Article courtesy of WWLTV | July 23, 2015 | wwltv | Shared as educational material
CHALMETTE, La. — State health officials have confirmed the presence of an amoeba at a leaking sample station in the St. Bernard Parish water system.
The Louisiana Department of Health and Hospitals has asked for the parish to conduct a 60-day chlorine burn to kill off the amoeba in the system. The parish has agreed to comply “out of an abundance of caution.” Two of the seven sites tested positive for the Naegleria fowleri amoeba.
At 6 a.m. Thursday, St. Bernard officials flushed extra chlorine into the system as precautionary measure. Officials with the parish believe that homes are safe from contamination.
“One positive test was at a site at the water treatment plant before the water was treated,” reads a statement from the DHH. “The second positive test occurred at 948 Angela Street, which may have been contaminated by ground water due to a leak at the sampling station.”
“We suspect that something struck the sampling station and crack the pipe in the sampling station, not main water line,” said Dave Peralta, parish president. “What feel has happened, and DHH agrees with us, is that there was some contamination of the water that pooled around the sampling station, not the water line but sampling station.”
Fire hydrants are being opened to flush the system.
Peralta said extensive testing at homes showed water to be clear of contamination, and the ameoba was never residents’ home or in the main water system.
Monthly reports show the water system met the requirements for disinfectant levels, according to the DHH. Five other sites tested negative for the amoeba, and one site “did not meet the required level of disinfectant.”
The water is safe to drink, but residents are urged not to get the water into their nose. That’s how the amoeba is transferred to the brain.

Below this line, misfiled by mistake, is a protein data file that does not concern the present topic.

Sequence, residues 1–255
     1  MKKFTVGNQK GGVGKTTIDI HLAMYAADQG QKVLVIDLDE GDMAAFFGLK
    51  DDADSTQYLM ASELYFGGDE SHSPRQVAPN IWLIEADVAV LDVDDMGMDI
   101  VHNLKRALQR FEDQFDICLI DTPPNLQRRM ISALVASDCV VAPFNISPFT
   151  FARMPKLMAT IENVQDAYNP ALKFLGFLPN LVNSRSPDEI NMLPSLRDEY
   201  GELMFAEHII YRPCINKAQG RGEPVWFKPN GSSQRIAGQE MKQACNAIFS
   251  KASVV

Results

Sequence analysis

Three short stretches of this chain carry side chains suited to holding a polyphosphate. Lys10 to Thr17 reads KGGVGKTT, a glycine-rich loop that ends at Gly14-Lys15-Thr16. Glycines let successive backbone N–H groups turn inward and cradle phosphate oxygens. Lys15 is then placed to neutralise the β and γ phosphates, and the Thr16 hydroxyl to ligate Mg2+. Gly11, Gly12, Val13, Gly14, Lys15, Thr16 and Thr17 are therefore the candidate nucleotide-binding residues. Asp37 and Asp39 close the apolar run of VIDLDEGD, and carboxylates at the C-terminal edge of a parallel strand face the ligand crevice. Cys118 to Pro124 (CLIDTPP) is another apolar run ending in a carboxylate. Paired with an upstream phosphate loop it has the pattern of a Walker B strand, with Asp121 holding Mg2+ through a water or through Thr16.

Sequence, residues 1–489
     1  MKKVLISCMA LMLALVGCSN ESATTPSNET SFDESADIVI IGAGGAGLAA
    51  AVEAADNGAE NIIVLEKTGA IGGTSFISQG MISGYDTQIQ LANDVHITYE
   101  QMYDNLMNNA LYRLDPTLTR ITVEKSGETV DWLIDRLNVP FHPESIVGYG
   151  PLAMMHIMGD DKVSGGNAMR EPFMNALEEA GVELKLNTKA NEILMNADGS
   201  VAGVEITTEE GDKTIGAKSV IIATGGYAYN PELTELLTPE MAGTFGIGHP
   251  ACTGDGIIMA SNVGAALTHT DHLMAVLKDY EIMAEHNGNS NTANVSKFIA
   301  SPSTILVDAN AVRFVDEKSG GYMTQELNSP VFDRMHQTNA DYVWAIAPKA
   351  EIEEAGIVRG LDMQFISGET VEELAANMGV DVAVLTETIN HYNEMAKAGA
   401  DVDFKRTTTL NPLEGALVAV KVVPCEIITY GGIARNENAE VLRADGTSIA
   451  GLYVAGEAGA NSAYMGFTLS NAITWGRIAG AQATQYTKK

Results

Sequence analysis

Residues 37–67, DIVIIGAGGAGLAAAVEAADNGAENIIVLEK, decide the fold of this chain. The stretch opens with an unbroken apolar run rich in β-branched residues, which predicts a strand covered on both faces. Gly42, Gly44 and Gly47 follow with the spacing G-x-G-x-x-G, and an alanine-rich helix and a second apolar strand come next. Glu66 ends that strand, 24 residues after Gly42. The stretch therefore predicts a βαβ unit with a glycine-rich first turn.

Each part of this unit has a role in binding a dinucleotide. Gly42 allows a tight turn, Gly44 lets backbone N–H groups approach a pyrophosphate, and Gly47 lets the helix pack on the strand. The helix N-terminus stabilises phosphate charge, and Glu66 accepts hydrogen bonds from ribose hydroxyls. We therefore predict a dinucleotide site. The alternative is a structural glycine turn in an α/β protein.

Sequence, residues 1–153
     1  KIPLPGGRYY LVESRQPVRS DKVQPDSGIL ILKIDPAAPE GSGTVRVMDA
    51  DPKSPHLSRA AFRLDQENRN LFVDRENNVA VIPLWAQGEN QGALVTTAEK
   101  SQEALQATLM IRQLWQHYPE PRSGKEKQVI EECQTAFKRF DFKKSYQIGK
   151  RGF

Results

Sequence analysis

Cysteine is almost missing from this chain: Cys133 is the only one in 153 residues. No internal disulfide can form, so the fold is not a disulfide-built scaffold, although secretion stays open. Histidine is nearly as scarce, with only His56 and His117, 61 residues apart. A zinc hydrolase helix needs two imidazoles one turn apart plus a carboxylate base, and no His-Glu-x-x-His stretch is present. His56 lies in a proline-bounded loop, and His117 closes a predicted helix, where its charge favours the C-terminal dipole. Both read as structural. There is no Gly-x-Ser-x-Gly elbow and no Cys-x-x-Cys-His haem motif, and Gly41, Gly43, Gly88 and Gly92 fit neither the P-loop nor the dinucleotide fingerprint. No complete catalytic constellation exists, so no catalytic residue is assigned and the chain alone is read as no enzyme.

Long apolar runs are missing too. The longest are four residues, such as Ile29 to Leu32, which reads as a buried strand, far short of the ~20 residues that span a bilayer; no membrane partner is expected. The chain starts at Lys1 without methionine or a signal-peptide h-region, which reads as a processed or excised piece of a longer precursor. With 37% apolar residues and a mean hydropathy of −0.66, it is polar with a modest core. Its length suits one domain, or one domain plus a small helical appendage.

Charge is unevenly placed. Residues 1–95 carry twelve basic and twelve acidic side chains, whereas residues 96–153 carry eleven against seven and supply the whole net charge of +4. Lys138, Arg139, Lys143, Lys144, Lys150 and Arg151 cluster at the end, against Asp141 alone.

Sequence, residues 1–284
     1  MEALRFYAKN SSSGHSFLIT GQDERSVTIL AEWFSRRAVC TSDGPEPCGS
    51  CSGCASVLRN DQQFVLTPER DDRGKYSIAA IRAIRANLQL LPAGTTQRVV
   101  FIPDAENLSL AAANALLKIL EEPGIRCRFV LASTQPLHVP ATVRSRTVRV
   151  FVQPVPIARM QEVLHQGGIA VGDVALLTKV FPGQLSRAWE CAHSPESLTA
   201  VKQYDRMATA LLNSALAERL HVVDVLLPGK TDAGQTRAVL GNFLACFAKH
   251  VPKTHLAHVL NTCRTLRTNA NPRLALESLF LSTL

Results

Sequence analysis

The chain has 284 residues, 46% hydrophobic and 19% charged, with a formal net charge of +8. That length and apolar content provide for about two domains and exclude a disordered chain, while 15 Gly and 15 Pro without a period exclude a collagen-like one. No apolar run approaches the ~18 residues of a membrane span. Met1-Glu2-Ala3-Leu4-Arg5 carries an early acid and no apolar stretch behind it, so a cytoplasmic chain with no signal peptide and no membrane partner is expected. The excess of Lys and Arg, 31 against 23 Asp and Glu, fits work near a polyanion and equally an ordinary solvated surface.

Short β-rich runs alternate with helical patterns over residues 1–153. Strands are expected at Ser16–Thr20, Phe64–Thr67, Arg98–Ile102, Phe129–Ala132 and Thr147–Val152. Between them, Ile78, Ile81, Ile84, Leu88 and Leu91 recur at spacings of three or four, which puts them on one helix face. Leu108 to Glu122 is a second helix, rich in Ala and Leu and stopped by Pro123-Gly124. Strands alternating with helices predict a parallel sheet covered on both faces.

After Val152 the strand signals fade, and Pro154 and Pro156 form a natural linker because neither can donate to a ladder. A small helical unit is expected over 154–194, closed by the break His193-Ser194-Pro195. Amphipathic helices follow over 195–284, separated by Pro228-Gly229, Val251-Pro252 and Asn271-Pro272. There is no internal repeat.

“At this point that’s a decision that the DHH has to make. We trust their expertise in this field. We do we feel that the system is fine and this was an anomaly,” said St. Bernard Parish President David Peralta.
Peralta said a vehicle hit a water sampling site in Arabi, which was never reported to the parish. He said contaminated water leaked into the sampling site but not the entire parish water system.
A state health office spokeswoman said they still need to determine the source of the contamination through testing. The DHH will speak with CDC officials Thursday.
Three deaths have been reported in the last several years in Louisiana to the amoeba. The system no longer tested positive for the amoeba back in February 2014.
The DHH released the following precautions to take when dealing with tap water in St. Bernard Parish:
- DO NOT allow water to go up your nose or sniff water into your nose when bathing, showering, washing your face, or swimming in small hard plastic/blow-up pools.
- DO NOT jump into or put your head under bathing water (bathtubs, small hard plastic/blow-up pools); walk or lower yourself in.
- DO NOT allow children to play unsupervised with hoses or sprinklers, as they may accidentally squirt water up their nose. Avoid slip-n-slides or other activities where it is difficult to prevent water going up the nose.
- DO run bath and shower taps and hoses for five minutes before use to flush out the pipes. This is most important the first time you use the tap after the water utility raises the disinfectant level.
- DO keep small hard plastic/blow-up pools clean by emptying, scrubbing and allowing them to dry after each use.
- DO use only boiled and cooled, distilled or sterile water for making sinus rinse solutions for neti pots or performing ritual ablutions.
- If you need to top off the water in your swimming pool with tap water, place the hose directly into the skimmer box and ensure that the filter is running. Do not top off the pool by placing the hose in the body of the pool.
- DO keep your swimming pool adequately disinfected before and during use. Adequate disinfection means:
oPools: free chlorine at 1 to 3 parts per million (ppm) and pH 7.2 to 7.8, and
oHot tubs/spas: free chlorine 2 to 4 parts per million (ppm) or free bromine 4 to 6 ppm and pH 7.2 to 7.8.